NASHVILLE, TENN., October 23, 1864 - 9. 30 p. m.
(Received 12. 25 a. m. 24th.)
Chief of Staff:
The One hundred and seventy-THIRD, One hundred and seventy-fourth, One hundred and seventy-fifth, One hundred and seventy-sixth, One hundred and seventy-seventh, One hundred and seventy-eighth, One hundred and seventy-ninth, One hundred and eightieth Ohio, Forty- THIRD Wisconsin, and Elevent Minnesota, one-year's troops, and the Twenty-ninth Michigan, a three-years' regiment, have arrived here. Have heard nothing of the two from regiments from General Pope's command. The regiments sent from Kentucky, having nearly finished their time, have been ordered back to be mustered out. I am receiving no re-enforcements now, except drafted men. Will any other troops be sent me? I ask the question because General Sherman has asked for a report of the number of troops in Tennessee, and now expected, so that he can organize his expedition. The dispatch of the President of to-day, concerning the threatened raid into Western Kentucky, has been received. I will gain all the information I can about the rumor, and prepare to prevent its being carried into execution. Have no direct news from General Sherman to-day. General Croxton reports no movement on part of the enemy about Eastport.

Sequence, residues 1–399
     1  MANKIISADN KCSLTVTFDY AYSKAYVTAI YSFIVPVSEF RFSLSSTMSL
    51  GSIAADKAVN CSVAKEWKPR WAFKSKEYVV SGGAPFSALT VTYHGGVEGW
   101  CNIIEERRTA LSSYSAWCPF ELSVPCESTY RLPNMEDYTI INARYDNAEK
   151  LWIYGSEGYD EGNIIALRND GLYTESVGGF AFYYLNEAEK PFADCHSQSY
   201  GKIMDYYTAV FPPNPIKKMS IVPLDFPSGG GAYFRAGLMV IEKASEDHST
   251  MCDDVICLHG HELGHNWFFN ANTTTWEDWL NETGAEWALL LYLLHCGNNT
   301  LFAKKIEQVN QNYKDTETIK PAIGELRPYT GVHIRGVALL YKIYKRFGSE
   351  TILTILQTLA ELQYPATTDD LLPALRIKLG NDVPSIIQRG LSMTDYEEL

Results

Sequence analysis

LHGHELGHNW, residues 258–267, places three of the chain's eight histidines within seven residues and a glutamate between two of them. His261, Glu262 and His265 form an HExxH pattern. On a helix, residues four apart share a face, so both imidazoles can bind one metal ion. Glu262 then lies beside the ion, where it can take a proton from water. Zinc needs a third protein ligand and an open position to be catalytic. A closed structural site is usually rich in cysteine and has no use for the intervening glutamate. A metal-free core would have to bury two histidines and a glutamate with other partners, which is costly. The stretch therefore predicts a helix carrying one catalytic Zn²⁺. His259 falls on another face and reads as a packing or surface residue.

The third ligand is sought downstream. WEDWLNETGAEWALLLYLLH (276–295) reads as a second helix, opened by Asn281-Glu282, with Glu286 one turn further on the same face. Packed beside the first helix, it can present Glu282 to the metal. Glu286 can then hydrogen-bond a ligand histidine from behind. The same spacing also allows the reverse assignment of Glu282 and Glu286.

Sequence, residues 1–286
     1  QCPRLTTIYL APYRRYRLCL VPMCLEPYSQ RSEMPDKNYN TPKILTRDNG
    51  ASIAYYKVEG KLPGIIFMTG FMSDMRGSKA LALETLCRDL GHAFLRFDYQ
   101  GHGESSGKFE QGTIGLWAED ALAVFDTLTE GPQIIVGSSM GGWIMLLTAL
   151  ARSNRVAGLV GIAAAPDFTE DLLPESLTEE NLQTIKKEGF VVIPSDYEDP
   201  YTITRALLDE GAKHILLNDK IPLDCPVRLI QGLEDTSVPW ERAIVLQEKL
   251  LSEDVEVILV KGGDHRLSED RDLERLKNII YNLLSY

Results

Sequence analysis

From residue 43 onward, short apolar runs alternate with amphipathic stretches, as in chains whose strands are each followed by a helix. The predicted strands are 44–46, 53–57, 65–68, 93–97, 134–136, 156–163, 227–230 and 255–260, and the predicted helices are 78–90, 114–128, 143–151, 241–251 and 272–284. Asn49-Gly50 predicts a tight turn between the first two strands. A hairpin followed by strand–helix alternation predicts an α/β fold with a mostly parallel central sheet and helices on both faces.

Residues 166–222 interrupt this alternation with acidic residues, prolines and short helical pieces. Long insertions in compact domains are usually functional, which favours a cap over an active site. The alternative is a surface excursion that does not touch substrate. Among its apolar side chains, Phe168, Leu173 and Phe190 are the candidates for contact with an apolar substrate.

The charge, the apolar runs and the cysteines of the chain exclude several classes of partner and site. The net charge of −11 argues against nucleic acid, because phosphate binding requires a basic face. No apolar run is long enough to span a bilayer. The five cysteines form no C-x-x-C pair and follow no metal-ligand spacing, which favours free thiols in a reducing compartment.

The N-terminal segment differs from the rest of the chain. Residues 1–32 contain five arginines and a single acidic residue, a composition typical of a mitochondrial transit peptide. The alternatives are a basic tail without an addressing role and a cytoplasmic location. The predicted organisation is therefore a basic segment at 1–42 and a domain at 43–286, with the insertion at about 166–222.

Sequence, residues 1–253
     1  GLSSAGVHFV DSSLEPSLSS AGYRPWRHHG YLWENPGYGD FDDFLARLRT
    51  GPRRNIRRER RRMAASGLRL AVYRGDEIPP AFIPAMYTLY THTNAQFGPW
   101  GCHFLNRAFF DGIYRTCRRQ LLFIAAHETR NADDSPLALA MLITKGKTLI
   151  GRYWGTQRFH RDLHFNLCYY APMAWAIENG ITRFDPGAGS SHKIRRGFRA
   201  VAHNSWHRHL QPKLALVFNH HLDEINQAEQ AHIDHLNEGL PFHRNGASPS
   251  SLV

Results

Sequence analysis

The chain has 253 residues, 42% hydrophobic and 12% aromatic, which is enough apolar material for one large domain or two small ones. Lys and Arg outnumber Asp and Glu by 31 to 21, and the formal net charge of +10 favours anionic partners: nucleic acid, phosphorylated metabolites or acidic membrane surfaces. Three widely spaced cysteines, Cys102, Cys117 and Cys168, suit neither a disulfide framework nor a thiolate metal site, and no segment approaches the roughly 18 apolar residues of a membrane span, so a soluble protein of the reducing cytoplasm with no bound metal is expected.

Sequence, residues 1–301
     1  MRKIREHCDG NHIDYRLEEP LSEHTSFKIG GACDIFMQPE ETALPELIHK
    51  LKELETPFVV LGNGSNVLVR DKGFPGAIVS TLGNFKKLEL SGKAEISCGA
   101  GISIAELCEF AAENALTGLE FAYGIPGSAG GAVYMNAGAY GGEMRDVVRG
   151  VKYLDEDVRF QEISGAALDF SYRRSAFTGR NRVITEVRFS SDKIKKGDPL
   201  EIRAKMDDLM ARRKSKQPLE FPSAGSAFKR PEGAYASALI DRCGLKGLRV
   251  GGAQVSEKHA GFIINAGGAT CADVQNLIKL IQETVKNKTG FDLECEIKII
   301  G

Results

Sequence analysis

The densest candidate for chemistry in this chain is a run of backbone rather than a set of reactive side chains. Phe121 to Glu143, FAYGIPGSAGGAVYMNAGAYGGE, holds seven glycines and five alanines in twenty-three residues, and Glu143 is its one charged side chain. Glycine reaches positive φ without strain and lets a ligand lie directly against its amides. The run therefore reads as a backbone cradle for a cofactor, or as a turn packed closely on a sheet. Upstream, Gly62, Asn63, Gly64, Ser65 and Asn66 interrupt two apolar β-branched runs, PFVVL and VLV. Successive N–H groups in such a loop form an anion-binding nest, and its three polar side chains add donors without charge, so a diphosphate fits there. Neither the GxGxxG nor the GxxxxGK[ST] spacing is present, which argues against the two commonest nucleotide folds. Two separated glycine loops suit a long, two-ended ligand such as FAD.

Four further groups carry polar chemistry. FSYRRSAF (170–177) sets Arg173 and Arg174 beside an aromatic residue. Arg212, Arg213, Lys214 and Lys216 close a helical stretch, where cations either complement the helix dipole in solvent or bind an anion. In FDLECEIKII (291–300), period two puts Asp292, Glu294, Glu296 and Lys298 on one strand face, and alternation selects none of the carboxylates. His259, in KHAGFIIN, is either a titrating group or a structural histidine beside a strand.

GEO. H. THOMAS,
HDQRS. MILITARY DIVISION OF THE MISSISSIPPI,
In the Field, Gaylesville, Ala., October 23, 1864 - 9 a. m.
General GEORGE H. THOMAS,
Dispatch of 18th received. I wrote you in great detail by Colonel Warner. Hoos is now at Blue Mountain,* and Forrest is evidently over about Tuscumbia. No doubt they will endeavor conjointly to make me come out of Georgia, but I don't want them to succeed. All Georgia is now open to me and I do believe you are the man best qualified to manage the affairs of Tennessee and North Mississippi. I want approximate returns of all troops subject to your orders, and, as wrote you, I can spare you the Fourth Corps and about 5,000 men not fit for my purpose, but which will be well enough for garrison at Chattanooga, Murfreesborough, and Nashville. what you need is a few points fortified and stocked with provisions, and a good movable column of 25,000 men that can strike in any direction. I await further reports from you before doing anything, but am making all preparations necessary. We find abundance of forage and stores down here, and have not the most distant fears of want or starvation. All my animals are improving, and General Slocum, at Atlanta, reports foraging most successful, 400 wagons on one occasion, 700 on another, and 600 now out. If Hood breaks our road Georgia must pay for it.
W. T. SHERMAN,
* As received by Thomas this read - Hood is not at Blue Mountain. see Thomas to Halleck, October 24, 10. 30 p. m., p. 424, and Thomas to Halleck, October 25, 9 p. m., p. 431.